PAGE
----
Rain arrived too late in February, March and April to help yields but this hot, dry year produced very good red wines.

In 1960 there were 7,092 hectares of vineyards in Barossa and 18,339 tonnes of wine grapes were crushed in that vintage.


Eye-catching packaging became an important new area of innovation, especially in the presentation of new mass products such as “Pineapple Pearl” which was sold in a distinctive fruit shaped bottle with the popular screw cap and plastic plug stopper. The latter didn’t last long on the market – due to protests from other companies it was classified as a flavoured cocktail rather than a wine under the Food and Wine Act.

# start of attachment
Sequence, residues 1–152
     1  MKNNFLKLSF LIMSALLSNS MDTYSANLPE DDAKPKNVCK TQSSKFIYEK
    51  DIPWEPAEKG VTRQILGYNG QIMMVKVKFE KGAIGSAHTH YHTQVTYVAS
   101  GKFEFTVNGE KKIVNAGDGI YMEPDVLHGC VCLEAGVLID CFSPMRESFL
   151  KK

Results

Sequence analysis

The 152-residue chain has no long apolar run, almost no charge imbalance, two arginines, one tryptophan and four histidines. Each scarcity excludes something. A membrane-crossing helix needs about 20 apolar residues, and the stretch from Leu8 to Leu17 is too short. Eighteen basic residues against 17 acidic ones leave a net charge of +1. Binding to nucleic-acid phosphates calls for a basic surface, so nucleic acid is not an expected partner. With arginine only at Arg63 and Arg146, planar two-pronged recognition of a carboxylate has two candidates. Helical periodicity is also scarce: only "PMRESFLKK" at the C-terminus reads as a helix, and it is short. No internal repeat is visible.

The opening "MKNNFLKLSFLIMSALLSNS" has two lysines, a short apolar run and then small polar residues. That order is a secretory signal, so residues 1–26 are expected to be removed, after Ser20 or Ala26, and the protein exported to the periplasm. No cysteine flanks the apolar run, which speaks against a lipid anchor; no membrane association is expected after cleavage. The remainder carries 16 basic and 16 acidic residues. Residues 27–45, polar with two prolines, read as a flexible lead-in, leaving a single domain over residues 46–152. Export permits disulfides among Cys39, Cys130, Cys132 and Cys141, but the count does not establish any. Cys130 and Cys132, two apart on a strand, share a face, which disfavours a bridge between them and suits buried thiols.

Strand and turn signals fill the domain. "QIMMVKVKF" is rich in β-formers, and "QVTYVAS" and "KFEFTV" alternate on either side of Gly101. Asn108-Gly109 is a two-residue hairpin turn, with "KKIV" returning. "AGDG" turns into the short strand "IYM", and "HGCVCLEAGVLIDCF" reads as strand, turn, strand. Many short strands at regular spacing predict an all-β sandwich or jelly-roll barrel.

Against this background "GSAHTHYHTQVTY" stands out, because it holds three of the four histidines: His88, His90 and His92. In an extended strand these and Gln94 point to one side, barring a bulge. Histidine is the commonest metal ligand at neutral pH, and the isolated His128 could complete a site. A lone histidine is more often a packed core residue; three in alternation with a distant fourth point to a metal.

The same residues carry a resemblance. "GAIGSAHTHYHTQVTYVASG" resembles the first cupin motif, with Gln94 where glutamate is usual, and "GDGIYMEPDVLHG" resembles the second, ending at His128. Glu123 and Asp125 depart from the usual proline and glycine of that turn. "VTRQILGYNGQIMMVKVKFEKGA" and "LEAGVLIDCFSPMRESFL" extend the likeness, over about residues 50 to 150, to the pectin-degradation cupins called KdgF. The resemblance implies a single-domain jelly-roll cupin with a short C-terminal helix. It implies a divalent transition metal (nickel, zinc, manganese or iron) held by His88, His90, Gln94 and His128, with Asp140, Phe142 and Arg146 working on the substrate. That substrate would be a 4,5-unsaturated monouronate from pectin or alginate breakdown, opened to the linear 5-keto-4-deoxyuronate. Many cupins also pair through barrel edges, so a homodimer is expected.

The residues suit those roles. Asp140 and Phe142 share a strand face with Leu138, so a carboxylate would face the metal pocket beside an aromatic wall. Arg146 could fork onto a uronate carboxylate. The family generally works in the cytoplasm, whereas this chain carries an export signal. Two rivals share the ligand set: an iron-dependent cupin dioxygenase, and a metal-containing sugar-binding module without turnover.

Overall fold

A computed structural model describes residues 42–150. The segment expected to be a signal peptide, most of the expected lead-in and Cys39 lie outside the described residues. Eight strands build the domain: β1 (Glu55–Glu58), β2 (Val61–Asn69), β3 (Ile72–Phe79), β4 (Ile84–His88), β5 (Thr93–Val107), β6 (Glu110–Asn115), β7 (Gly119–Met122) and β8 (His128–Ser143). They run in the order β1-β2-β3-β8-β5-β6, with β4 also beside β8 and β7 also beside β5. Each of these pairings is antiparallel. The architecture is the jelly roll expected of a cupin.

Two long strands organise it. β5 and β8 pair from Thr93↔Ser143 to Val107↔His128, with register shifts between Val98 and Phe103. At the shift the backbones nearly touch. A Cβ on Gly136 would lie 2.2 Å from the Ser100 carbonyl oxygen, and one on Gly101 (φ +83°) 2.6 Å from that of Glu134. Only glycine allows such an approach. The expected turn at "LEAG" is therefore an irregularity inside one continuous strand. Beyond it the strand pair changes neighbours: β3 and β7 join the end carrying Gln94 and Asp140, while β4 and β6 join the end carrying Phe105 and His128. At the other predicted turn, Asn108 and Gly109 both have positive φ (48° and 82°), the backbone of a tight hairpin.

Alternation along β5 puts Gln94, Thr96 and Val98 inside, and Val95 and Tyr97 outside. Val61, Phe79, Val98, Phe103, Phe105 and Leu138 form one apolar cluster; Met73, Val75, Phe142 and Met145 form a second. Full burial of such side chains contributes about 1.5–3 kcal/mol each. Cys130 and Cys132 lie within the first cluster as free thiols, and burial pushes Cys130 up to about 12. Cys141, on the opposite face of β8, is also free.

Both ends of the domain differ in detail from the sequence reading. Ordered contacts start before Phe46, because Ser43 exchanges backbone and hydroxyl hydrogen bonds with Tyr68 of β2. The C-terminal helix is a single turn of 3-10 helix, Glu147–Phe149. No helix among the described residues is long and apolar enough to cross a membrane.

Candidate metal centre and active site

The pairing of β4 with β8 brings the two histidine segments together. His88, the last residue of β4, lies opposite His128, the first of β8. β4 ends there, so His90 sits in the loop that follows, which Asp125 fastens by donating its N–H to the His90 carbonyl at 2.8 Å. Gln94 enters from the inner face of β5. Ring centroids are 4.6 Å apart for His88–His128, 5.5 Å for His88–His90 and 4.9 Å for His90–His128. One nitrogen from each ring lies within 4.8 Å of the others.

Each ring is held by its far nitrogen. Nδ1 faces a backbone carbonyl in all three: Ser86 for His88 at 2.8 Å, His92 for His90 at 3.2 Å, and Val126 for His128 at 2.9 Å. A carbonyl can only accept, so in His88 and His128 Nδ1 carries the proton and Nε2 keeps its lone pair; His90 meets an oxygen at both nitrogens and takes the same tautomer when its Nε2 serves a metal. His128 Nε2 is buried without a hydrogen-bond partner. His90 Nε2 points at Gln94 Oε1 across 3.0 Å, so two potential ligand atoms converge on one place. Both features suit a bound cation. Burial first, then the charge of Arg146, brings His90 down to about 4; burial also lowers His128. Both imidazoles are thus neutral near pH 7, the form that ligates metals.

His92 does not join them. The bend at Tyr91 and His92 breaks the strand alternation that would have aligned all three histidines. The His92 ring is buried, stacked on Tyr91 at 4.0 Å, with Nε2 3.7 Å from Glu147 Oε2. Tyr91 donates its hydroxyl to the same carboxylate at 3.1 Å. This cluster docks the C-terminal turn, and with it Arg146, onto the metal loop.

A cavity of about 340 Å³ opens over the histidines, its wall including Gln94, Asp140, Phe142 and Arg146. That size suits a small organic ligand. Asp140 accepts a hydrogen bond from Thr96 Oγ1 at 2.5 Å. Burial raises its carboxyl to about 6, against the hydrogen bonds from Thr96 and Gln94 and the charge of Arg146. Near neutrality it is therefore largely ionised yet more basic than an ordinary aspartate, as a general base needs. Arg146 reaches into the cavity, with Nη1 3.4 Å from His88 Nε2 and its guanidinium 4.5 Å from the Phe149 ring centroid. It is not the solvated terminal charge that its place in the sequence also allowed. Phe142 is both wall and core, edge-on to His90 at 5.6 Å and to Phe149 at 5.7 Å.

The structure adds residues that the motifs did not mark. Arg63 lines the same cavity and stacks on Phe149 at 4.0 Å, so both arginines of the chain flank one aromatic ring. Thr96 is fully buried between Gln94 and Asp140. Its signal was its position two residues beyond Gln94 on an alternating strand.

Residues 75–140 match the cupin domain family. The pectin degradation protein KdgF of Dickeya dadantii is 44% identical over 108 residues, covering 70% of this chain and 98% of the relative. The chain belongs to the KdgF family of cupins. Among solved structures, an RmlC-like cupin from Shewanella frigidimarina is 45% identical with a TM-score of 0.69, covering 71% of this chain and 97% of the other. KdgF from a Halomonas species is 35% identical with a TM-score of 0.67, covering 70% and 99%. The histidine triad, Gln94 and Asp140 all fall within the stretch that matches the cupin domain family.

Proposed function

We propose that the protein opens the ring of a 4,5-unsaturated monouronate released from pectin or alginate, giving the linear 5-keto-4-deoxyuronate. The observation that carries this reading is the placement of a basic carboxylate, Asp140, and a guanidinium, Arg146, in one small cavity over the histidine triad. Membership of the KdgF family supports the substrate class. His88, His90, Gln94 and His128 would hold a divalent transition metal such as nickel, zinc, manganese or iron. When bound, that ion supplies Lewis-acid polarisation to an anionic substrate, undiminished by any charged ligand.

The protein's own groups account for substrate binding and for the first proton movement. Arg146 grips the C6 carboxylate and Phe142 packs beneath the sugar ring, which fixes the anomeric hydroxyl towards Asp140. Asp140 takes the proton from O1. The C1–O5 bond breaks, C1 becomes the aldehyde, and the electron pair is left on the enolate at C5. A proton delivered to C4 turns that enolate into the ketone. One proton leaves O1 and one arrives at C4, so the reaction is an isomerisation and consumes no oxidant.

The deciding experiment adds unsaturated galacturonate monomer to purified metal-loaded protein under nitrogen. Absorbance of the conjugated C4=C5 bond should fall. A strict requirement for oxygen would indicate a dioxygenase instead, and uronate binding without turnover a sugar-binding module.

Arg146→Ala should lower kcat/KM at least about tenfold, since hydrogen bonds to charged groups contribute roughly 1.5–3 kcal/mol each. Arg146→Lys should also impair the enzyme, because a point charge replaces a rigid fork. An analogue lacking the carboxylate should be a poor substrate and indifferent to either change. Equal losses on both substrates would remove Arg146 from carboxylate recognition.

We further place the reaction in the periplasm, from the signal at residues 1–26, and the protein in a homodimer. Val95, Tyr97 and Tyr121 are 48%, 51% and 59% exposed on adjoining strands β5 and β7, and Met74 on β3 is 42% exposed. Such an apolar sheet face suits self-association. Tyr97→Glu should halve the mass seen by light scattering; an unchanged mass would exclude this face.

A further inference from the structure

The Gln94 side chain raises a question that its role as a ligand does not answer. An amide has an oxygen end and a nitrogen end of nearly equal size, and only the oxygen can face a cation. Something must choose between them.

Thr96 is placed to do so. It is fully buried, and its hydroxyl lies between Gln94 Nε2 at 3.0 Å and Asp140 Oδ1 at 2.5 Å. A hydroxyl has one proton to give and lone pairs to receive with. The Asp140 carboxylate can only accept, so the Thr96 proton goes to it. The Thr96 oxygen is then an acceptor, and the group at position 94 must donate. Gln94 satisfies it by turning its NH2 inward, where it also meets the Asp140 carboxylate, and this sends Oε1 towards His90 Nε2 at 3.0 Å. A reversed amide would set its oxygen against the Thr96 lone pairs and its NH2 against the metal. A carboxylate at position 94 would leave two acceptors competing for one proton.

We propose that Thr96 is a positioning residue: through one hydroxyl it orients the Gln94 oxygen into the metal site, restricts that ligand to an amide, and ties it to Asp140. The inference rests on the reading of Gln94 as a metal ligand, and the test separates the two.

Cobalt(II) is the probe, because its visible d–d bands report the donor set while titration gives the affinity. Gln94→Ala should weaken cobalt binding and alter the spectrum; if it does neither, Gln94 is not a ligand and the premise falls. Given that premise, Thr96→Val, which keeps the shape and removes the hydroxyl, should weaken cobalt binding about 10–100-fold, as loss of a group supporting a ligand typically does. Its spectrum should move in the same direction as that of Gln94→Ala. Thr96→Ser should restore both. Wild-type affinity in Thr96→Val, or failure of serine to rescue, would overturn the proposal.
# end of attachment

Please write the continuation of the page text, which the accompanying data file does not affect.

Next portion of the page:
Fortified wines continued to be the industry mainstay with Penfolds introducing the first commercial use of an ion exchange for removing copper from freshly distilled spirit. However, the company was also becoming more serious about premium red and white table wine with a commitment to increased production.

SA Wine Grape Crush Survey, Vinehealth Australia and ‘Barossa Vintages: a wine history from 1842’, Peter Fuller

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